Thursday, March 30, 2006

Time Flies When You're Drinking Rum...

Well, I got the job that I had previously written about – as sous-chef aboard a 175 foot motor yacht heading to the Mediterranean. It is a $40 million dollar yacht, privately owned and can be chartered for a mere $230,000.00 plus food, beverages and incidentals… There are 14 crew and we will take up to 12 guests – so each guest has 1 and 1/14th crew member waiting on them; including someone to unpack your bags, a Michellin star chef, and little ol’ me at your beck and call… On the yacht you will find gold and Lalique fixtures right down to the toilet bowl brushes and doorknobs! The dishes are Lamouge porcelain, the glassware is Lalique, the beds have duck down comforters and Egyptian cotton sheets. There is a sky gym with a 360 degree view, a hot tub, pop-up flat screen tv’s in almost every room (plus a “Personal Viewing Area” in the master bedroom), a massive dvd and music collection and top of the line hi-fi equipment. Should you decide to actually get off of the boat – there is scuba equipment, two speed boats with water-skiing and wake-boarding equipment, a hobbie-cat, a laser (single-person sailboat), kayaks, mountain bikes and a ton of other toys… And the great thing is that the crew gets to play with the equipment when we aren’t on charter.

The galley is quite big, probably close to 12 ft. by 15 ft. or there about with granite and stainless countertops; a combi-oven which can be used either to steam, roast or a combination of both (it is also a convection oven) which is excellent when you are cooking for large groups of people. We have a walk-in refrigerator and freezer and a 6-burner induction stove. Most of the boats that I have worked on have electric stoves which are complete junk. But the induction stove is definitely the best stove I’ve worked on in the boat world and out.

Induction stoves look much like electric – smooth, glassy top – but are as responsive, if not more so than cooking with gas. An induction stove has a power coil that produces a high-frequency electromagnetic field. The field penetrates the metal of the cooking vessel (a pot or frying pan) and sets up a circulating electric current, which generates heat. The heat generated in the cooking vessel is transferred to the vessel's contents and nothing outside the vessel is affected by the field and as soon as the vessel is removed from the element, or the element is turned off, heat generation stops. This means that you if you leave a spoon next to the stove, it won’t ever catch fire. If you leave the stove on, but there is no pan on it – nothing will ever burn because there is nothing to generate an electrical current. It’s really quite amazing. I can get a large frying pan smoking hot in less than a minute and I can bring a large pot of water to boil in less than three minutes. Also, the handles of the pots and frying pans never, ever get hot and the kitchen doesn’t get too hot either because their is very little residual or excess heat being given off.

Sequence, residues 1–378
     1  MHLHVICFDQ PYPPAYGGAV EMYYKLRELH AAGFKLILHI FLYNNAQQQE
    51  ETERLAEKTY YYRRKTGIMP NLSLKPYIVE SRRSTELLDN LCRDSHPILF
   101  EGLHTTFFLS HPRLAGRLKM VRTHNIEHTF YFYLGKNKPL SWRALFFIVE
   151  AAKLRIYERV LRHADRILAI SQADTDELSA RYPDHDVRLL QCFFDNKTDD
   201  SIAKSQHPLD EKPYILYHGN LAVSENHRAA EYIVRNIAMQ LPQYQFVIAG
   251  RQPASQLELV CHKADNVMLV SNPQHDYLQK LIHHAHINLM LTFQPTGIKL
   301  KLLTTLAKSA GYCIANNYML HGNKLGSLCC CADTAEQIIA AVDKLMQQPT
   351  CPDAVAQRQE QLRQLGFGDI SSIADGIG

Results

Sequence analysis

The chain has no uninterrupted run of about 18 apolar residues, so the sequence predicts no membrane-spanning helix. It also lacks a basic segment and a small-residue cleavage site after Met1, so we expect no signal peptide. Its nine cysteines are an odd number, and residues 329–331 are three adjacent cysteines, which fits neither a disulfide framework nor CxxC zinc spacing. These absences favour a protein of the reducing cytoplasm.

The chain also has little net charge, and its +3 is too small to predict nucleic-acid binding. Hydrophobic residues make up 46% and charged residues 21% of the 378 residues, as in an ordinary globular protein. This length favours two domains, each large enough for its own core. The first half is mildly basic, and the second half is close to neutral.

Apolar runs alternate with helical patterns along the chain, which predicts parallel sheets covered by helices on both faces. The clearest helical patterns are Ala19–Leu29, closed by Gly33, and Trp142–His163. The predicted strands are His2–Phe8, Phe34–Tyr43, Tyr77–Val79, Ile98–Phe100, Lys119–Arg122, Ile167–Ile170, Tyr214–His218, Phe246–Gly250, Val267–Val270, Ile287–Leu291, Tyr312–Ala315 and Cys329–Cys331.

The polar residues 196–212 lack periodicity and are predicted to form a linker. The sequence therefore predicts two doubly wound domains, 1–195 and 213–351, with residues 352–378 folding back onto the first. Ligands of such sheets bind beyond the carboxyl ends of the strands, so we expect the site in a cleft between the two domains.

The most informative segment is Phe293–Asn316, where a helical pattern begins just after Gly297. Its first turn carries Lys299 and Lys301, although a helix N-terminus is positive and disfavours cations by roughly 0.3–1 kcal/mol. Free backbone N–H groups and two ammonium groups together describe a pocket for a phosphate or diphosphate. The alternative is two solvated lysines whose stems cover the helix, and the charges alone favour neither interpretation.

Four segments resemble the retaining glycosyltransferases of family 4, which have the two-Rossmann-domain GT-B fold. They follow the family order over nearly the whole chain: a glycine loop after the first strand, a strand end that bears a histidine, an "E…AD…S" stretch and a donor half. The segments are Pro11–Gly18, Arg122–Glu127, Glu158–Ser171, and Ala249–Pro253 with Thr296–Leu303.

Our crew quarters are very comfortable. There is a large crew lounge with a kitchenette (the majority of the food comes from the galley, the kitchenette is for midnight snacks, etc.). The stews do all the crews laundry so if I drop my clothes off in the morning, I get them back the next day washed, drip-dried, ironed and folded. We have satellite internet access, satellite tv and satellite phone so basically, we can surf the web even in the middle of the ocean. Our rooms are actually built for human size people instead of midgets like the quarters on the other boats I’ve worked. I have adequate closet cabinet space and a nice size bathroom and my roomie is a really cool girl from Australia, a bookworm and a runner. Our captain is British and a real joker, always having fun with the crew. I went out with everyone on Saturday night to bid farewell to the sous-chef that was leaving. The captain dragged us all out on the dance floor and did something he called dancing but it was more like Repoman vs. Bruce Lee (YIKES! I hope he never reads this!!!). As we were dancing to bad 80’s tunes, he said welcomed me to the boat and guaranteed me that I would never get a warmer greeting on whichever boat I went to next… Our captain has a house and wife and baby in Antibe, France, where our boat will be based out of for the summer and he promised us a big crew party.

Oh yes, so we’ll be based in Antibe, France for the summer and we leave for France on April 28th. We have about 6 charters for the summer, our first one being in Monaco for the Grand Prix and then we’ll be doing the French and Italian Riviera for the season. I can’t wait to see the markets in the south of France and Italy. I have a feeling the season is going to be spectacular.

We’re on charter presently in St. Barth for the St. Barth Bucket – a big regatta – really just an excuse for people to party and go sailing. But who am I to complain, our charter guests are taking us all out on their sail boat!!!

Cheers everyone, more soon…

3 comments:

sha said...

i shall be waiting for u here in Antibes I will show u the markets
If things work out I will be antibes based I will be the onewho will greet you here... looking forward.
the oen am going for trial has bulgari everywhere .....

kanoa said...

awesome!

sha said...

i start my trial tomorrow... keep smiling

 
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